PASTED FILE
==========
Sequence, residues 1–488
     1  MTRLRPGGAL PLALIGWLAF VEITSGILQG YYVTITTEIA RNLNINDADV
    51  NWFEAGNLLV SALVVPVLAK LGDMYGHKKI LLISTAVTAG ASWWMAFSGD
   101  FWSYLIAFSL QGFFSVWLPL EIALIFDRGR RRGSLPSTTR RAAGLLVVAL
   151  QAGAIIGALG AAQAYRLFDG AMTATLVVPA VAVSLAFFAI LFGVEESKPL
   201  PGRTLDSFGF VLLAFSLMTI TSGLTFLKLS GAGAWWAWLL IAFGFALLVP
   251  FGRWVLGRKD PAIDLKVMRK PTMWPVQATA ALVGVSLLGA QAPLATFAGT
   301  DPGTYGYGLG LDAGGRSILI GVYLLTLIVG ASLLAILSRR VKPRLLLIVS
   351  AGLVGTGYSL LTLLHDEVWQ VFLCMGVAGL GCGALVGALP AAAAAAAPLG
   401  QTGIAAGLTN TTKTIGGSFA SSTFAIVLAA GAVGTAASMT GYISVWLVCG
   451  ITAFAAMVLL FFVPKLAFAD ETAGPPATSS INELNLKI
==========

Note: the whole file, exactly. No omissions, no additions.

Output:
Sequence, residues 1–488
     1  MTRLRPGGAL PLALIGWLAF VEITSGILQG YYVTITTEIA RNLNINDADV
    51  NWFEAGNLLV SALVVPVLAK LGDMYGHKKI LLISTAVTAG ASWWMAFSGD
   101  FWSYLIAFSL QGFFSVWLPL EIALIFDRGR RRGSLPSTTR RAAGLLVVAL
   151  QAGAIIGALG AAQAYRLFDG AMTATLVVPA VAVSLAFFAI LFGVEESKPL
   201  PGRTLDSFGF VLLAFSLMTI TSGLTFLKLS GAGAWWAWLL IAFGFALLVP
   251  FGRWVLGRKD PAIDLKVMRK PTMWPVQATA ALVGVSLLGA QAPLATFAGT
   301  DPGTYGYGLG LDAGGRSILI GVYLLTLIVG ASLLAILSRR VKPRLLLIVS
   351  AGLVGTGYSL LTLLHDEVWQ VFLCMGVAGL GCGALVGALP AAAAAAAPLG
   401  QTGIAAGLTN TTKTIGGSFA SSTFAIVLAA GAVGTAASMT GYISVWLVCG
   451  ITAFAAMVLL FFVPKLAFAD ETAGPPATSS INELNLKI